Tobias Lear to Thomas Jefferson
[Philadelphia] July 11t[h] 1792
The President of the U.S. informs the Secretary of State that he has retained one of the proof Sheets of the federal City, and returns the others with the letter from Mr Blodget, which the President thinks had better be sent to the Commissioners by the mail, which will certainly reach G. Town on Monday.1 The President’s Cavalry are in such order that he cannot say with any precision when he shall reach that place; he however, wishes the Secretary to mention to the Commissioners that he sat out this afternoon; but being incumbered with lame and sick horses it is uncertain when he will be at George-Town.2
The President observes that the soundings of the River & Branch are not noted either in this or the other proof sheet, which he thinks would be very satisfactory & advantageous to have done.3
AL, DLC: Jefferson Papers.
1. Jefferson immediately dispatched Blodget’s letter to the commissioners for the District of Columbia (Jefferson Papers, description begins Julian P. Boyd et al., eds. The Papers of Thomas Jefferson. 40 vols. to date. Princeton, N.J., 1950—. description ends 24:212). GW expected that letter to reach Georgetown by Monday, 16 July.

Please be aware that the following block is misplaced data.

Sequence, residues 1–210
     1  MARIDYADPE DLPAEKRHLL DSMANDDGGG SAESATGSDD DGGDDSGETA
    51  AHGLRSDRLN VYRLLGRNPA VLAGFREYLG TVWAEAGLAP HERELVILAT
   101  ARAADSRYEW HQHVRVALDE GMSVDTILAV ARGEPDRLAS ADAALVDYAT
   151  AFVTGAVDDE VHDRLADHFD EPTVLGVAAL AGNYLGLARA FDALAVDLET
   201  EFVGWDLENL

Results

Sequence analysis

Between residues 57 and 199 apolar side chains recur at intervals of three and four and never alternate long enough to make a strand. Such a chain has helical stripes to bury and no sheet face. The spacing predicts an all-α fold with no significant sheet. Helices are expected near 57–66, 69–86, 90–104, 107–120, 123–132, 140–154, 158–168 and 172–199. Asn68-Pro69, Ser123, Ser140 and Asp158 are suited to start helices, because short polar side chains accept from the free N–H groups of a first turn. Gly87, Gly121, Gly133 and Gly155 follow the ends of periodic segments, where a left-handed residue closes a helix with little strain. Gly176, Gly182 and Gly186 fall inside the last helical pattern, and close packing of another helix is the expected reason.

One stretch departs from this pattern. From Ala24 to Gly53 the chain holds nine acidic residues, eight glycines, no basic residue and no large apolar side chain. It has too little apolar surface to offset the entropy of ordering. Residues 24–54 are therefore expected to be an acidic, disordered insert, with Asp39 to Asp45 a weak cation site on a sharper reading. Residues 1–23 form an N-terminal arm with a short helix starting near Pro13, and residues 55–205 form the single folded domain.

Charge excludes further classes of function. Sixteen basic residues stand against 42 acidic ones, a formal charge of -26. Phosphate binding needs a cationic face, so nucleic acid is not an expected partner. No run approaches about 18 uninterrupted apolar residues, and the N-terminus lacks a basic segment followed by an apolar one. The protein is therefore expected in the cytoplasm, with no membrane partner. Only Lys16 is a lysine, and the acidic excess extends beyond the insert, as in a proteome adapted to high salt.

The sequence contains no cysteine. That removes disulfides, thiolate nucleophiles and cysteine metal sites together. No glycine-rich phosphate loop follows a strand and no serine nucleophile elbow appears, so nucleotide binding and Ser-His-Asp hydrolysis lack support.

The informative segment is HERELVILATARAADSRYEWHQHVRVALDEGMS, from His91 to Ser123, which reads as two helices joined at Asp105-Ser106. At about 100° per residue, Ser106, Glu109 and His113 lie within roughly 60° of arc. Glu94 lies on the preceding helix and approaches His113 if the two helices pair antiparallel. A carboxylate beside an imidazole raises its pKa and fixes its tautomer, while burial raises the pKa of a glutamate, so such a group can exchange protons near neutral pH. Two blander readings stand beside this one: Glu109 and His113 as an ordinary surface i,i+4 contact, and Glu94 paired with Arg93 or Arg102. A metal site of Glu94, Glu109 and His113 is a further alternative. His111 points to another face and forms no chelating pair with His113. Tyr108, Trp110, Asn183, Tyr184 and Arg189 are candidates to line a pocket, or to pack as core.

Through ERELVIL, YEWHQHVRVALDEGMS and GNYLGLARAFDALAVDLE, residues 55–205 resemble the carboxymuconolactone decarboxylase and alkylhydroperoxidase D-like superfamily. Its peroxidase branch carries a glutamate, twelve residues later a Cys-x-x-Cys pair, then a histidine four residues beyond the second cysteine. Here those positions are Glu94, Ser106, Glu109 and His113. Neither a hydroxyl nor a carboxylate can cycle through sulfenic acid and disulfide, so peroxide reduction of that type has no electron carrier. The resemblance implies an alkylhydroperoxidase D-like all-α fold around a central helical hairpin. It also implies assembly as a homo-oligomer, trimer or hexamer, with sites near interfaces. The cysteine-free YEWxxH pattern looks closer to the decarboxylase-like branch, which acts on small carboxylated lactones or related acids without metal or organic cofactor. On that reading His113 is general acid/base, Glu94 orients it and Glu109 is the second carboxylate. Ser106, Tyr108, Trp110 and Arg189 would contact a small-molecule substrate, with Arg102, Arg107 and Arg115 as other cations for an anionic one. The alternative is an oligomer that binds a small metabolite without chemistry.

2. At GW’s command Bartholomew Dandridge wrote Gabriel P. Van Horne from Baltimore on 14 July “that one of the Presidents horses, which had been sick previous to his leaving Philada, was so far reduced & tired by the time he reached Bush-town that the President was under the necessity of leaving him at that place in care of Mrs [Elizabeth] Stiles. The P——nt requests the favor of you, to enquire, & as soon as the horse is able to travel that you will contrive to send him to Alexa.—either by driving him in one of your Stage Coaches (as he is a carriage horse) or by causing one of your Stage Drivers to lead him. The President will willingly pay any expence which may attend the sending the horse to Alexa.” (DLC:GW). GW arrived at Georgetown by 17 July (see GW to Jefferson, that date).
3. Jefferson wrote to Blodget on 12 July: “the soundings are not in the sheets you send me. I have written to the Commissioners recommending to desire Mr. [Andrew] Ellicot, if they were not in the original, to insert them in one of these proof sheets and forward it to you that they may be put into the plate” (Jefferson Papers, description begins Julian P. Boyd et al., eds. The Papers of Thomas Jefferson. 40 vols. to date. Princeton, N.J., 1950—. description ends 24:218). Unfortunately Jefferson had been sent prints, not proof sheets, and the engraving plate was already on its way to Philadelphia (ibid., 20:17–18, n.46).